Korean cuisine has a rich and complex history. While acknowledging its similarities to other Asian cuisines, including Japanese and Sichuan, Korean food is like no other. It's the contrasts that reel me in: slippery japchae (stir-fried glass noodles) set against the crunch of sweet and sour pork; spicy seafood soup alongside creamy ddokbokki; the sweet simplicity of fried rice offset with the complexity of bulgogi (Korean barbecue beef).
So I was thrilled to discover Hanwoori Korean BBQ Restaurant in Brisbane's CBD recently. Tucked away up a flight of steps in bustling Mary Street, this restaurant offers a cracking Korean buffet lunch for the very restrained price of $14.90 per person. This includes a range of Western-style and Korean soup options such as jjamppong (spicy seafood) and hot dishes including sweet and sour pork, jjim dak (braised spicy chicken), tofu kimchi and chicken legs revved up with sweet chili sauce. There are also noodle dishes, Korean pancakes, a salad bar and the opportunity to assemble your own bibimbap (which, I'm told, translates to a bowl full of mixed rice with meat and assorted vegetables).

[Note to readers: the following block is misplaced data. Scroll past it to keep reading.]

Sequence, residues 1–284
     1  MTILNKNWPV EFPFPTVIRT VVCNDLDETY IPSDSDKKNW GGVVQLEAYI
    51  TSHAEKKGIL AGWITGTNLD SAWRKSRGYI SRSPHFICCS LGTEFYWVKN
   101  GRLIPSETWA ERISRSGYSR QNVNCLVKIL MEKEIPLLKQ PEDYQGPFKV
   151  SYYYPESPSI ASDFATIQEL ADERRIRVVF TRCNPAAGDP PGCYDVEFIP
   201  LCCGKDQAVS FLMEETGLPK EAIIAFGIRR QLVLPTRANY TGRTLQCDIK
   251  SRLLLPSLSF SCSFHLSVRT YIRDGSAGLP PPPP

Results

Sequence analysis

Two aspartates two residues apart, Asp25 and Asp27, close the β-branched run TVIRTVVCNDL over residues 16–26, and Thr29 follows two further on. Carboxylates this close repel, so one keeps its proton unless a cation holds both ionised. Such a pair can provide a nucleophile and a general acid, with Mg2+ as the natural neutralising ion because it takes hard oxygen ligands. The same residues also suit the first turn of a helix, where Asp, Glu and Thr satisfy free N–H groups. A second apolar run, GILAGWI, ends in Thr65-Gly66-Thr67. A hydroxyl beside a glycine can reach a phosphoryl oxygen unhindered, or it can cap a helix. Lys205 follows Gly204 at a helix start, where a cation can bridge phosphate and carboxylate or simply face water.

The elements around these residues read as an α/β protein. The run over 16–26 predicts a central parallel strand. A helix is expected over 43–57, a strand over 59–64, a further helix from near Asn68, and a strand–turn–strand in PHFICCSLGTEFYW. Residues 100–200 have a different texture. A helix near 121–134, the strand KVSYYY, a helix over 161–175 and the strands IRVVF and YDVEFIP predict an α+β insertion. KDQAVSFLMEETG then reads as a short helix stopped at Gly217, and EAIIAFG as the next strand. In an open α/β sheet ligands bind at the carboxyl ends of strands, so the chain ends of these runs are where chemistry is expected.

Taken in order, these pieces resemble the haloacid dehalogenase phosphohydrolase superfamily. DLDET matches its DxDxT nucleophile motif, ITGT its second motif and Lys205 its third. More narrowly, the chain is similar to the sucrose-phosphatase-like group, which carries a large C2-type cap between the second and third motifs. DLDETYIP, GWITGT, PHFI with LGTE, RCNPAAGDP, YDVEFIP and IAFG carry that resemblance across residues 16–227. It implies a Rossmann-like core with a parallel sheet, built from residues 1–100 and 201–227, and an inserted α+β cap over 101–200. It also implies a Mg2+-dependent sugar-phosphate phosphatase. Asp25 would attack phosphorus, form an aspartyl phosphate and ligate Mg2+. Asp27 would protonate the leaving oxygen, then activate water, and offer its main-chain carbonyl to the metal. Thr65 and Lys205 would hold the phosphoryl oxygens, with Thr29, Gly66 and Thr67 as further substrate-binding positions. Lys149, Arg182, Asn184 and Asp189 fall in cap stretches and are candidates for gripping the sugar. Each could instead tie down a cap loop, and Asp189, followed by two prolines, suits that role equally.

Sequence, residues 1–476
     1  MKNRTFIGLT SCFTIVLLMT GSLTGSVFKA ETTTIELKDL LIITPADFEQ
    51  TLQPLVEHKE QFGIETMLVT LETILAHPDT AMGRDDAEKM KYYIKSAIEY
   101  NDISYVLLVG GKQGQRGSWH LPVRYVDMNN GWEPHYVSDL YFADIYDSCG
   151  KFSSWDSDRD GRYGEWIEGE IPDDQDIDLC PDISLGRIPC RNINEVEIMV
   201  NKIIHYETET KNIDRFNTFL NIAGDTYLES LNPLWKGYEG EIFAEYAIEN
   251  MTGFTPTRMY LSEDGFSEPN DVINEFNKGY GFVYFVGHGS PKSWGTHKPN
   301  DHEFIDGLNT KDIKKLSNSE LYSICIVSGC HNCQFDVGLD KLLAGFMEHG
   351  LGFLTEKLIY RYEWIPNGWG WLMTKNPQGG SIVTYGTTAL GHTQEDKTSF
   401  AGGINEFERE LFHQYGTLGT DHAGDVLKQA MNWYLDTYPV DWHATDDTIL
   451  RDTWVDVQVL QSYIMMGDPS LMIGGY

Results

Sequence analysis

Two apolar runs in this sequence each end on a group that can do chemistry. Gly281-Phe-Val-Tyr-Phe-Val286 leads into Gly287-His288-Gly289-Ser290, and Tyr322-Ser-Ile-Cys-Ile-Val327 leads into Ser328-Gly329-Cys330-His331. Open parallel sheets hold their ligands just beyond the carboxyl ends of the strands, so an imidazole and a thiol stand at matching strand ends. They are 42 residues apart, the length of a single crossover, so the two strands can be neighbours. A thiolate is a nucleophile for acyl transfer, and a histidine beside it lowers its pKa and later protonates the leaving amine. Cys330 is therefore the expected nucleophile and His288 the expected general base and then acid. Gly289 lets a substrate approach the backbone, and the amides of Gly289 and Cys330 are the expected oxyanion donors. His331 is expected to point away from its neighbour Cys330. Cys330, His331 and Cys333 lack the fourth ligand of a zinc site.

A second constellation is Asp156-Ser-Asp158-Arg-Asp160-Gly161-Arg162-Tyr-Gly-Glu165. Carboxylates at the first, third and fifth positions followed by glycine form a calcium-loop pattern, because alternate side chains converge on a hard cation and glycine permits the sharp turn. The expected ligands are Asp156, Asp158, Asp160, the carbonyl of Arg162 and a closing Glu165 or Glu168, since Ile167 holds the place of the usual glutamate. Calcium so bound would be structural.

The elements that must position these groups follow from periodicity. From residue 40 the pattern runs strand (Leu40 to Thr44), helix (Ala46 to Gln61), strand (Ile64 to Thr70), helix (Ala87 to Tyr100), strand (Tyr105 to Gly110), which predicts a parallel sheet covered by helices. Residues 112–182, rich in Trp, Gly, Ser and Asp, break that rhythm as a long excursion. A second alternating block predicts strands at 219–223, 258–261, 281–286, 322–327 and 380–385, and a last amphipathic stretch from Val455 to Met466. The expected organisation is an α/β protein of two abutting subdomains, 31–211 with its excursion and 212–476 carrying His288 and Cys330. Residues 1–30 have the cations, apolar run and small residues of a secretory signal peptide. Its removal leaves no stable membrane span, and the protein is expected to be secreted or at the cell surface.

Korean cuisine typically incorporates sweet, sour, salty and bitter tastes - plus loads of colour to please the eye as well as the palate. The good news is that this food is incredibly healthy - with a focus on vegetables, lean meats and fermented foods such as fiery kimchi. Koreans, I'm told, treat food as medicine. If that's true, then dine at Hanwoori Korean BBQ Restaurant and you might expect to be transformed into the picture of glowing good health.
Capitalising on Western diners' love of Korean charcoal grills in the centre of the dining table, Hanwoori Korean BBQ Restaurant offers this option at night as part of its dinner buffet. Included in the $32.90 per person price are a selection of mouth-watering meats and seafood, including rump steak, octopus, pork belly and prawn. As with lunch, there are also many hot dishes, soups, rice and traditional side dishes to complement your meal. Whether lunch or dinner, it's a buzzing atmosphere inside, with plenty on offer, so come prepared with an appetite. Skip breakfast if you have to!
Don't expect a sweet treat at the end of the meal. Dessert isn't usually part of the Korean dining experience and, in any event, you'll likely be satisfied by the abundance of food available. Instead, it's customary to conclude a meal with a cup of green tea or something with a refreshing zing such as lemon mint crush. Hanwoori offers a range of smoothies for those with a sweet tooth - think 'mango tango' or the delightfully named 'raspberry bong-bong'.
Something else I love about this place - and Korean restaurants in general, truth be told - is the gusto with which diners approach their plates. Koreans swap, share and order more dishes, eating with a sense of enthusiasm and haste, talking noisily, helping themselves to more. It's not hard to get on board with that.